Jeraldine Ortiz knows that breast cancer is tough for Latinas. Breast cancer is the top cause of Latina death. This stems from cultural barriers to care, low screening rates, and low participation in clinical trials studies trying to find better treatments. This is why Ortiz, when diagnosed with breast cancer, volunteered for a clinical trial. Today, after more than 15 years as a cancer survivor, Ortiz said she strongly believes her participation in a clinical trial at UT Health San Antonio helped her get better treatment and better quality of life in her post-cancer journey. “Clinical trials give the opportunity to better treatment for all populations," Ortiz said. "We have a better future." Ortiz Chooses a Breast Cancer Clinical Trial In 2006, Ortiz was diagnosed with ...

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Alma Lopez: Better Health Through a Breast Cancer Clinical Trial

Alma Lopez-breast-cancer-clinical-trial

Breast cancer is the top cause of death for Latinas. But Alma Lopez has been a breast cancer survivor for more than 15 years. She believes participating in a clinical trial at UT Health San Antonio helped her get better treatment and better long-term health in her survivorship journey. “Clinical trials are great for finding new treatments that help people,” Lopez said. “And it helps the scientists. It gives opportunity to better medication for all populations. It builds a better future.” Lopez Chooses a Breast Cancer Clinical Trial About 15 years ago, Lopez was diagnosed with breast cancer. Lopez began weighing her treatment options. At first, she had doubts about whether to volunteer for a clinical trial. She thought it might take too much time, or cause ...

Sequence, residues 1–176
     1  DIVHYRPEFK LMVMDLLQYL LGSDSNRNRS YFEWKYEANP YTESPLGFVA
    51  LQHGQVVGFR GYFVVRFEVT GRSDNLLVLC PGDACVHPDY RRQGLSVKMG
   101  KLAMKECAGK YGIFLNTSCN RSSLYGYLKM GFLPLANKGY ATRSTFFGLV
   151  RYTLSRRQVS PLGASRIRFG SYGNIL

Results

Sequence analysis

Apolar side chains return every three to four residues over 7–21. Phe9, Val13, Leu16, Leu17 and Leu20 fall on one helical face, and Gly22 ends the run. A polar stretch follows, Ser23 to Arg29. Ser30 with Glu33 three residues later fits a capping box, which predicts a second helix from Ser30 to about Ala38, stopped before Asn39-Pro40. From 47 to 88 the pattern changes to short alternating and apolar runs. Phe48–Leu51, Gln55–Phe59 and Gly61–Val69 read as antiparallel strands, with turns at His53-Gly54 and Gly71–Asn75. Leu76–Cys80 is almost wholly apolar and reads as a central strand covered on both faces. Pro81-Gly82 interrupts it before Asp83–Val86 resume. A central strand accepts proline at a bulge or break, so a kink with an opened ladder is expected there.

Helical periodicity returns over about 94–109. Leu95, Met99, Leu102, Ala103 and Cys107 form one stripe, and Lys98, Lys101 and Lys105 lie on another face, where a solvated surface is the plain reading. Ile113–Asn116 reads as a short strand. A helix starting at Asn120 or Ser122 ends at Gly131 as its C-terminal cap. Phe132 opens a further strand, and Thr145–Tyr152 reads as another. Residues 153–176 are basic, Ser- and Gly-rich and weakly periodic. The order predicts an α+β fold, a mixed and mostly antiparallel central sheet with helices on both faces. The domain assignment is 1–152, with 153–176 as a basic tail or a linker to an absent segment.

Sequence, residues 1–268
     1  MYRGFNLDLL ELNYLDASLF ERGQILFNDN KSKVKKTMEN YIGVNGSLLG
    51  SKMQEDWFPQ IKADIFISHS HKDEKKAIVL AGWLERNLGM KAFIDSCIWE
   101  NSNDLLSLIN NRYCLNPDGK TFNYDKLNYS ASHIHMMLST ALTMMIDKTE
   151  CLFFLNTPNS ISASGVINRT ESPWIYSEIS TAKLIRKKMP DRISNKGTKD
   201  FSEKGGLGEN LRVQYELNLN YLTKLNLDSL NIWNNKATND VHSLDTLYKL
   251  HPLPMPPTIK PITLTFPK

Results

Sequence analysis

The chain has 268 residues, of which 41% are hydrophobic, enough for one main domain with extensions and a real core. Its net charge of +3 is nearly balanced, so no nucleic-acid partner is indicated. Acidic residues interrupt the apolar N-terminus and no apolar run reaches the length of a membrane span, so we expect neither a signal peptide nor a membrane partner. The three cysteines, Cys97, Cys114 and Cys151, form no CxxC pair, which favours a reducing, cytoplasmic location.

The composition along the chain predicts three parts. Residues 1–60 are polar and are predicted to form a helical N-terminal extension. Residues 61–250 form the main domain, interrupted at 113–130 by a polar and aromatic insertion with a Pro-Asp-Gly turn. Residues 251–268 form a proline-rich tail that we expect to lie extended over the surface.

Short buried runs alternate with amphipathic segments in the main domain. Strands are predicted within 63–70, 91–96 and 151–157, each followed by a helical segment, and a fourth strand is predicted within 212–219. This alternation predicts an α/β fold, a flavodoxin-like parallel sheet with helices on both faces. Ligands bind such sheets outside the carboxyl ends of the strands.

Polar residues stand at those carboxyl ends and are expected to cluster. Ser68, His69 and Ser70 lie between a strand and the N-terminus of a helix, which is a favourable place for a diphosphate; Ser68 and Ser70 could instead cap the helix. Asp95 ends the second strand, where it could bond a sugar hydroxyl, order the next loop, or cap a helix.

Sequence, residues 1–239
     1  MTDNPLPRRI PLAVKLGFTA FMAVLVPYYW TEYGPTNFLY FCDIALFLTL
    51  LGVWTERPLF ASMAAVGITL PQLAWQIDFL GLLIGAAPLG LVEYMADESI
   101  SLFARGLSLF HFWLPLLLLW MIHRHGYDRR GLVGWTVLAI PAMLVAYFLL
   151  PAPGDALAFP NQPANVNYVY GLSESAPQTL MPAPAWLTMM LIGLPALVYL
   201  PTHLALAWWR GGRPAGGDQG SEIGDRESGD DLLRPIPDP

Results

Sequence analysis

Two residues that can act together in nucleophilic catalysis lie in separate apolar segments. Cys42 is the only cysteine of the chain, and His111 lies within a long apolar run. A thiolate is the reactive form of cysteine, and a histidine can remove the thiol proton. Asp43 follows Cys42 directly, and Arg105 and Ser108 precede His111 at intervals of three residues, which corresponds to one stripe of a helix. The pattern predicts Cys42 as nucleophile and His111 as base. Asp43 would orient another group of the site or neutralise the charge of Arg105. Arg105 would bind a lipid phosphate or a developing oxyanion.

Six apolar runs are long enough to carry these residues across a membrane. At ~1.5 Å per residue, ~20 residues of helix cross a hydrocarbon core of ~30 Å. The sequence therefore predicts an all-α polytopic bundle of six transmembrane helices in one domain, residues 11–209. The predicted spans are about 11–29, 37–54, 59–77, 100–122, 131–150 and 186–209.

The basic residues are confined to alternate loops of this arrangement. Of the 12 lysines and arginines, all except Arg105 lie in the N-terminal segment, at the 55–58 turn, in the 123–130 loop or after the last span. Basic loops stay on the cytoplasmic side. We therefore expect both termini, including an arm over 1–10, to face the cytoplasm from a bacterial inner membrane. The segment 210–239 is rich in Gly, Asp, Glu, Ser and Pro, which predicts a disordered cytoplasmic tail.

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Survey: Childcare, Logistics Hold Back Latinas from Breast Cancer Clinical Trials

Cancer Screening Latino clinical trials

Simple logistics—availability, childcare, and time—stop some Latinas and other women of color from volunteering for breast cancer clinical trials, according to a new survey. The survey, led by For The Breast of Us, an online breast cancer survivor community, and Sommer Consulting, found that the anticipated time demands of a clinical trial may appear "too intimidating." Most women of color struggle with multiple demands in their lives. The perceived or real logistics of participating in a clinical trial could make it harder. One respondent said: “You still have to worry about how am I going to run my household, especially as a woman of color, who typically a lot of times are single-family or single-parent households." "The results of this survey demonstrate how ...

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Over 2 Million U.S. Teens Use E-cigarettes, a Huge Public Health Concern

Latino teens e-cigs vaping smoking tobacco 21

Over 2 million U.S. teens say they use e-cigarettes, according to a new survey released by FDA and CDC. The study, which found that a quarter of these teens reported they vape daily, was based on data from the 2021 National Youth Tobacco Survey, a cross-sectional, self-administered survey of U.S. middle- and high-school students. "The use of tobacco products by youths in any form, including e-cigarettes, is unsafe. Most e-cigarettes contain nicotine, and nicotine exposure during adolescence can harm the developing brain," according to the FDA and CDC survey report, published in the Morbidity and Mortality Weekly Report. Key Report Findings on Youth E-cigarette Use In 2021, 11.3% of high-school (1.72 million) and 2.8% (320,000) of middle-school students reported current e-cigarette ...

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Ellen Ochoa: The First Latina Astronaut to Go into Space

In 1993, Ellen Ochoa became the first Latina person in space. She logged nearly 1,000 hours in orbit across four space missions, studying the Earth's ozone layer. She would later become the NASA Johnson Space Center’s first Latina director and only its second female director. "At the time, it was really a personal thing," Ochoa told TODAY. "It was something I was very excited to participate in, and I loved working with the team and with my crew and doing work that was important to understanding changes in the atmosphere." "I realized the mission had repercussions well beyond that. I had the opportunity to talk to a lot of student groups, I was featured in children's books, textbooks – I'm just really grateful there was this whole extra dimension to that flight beyond the ...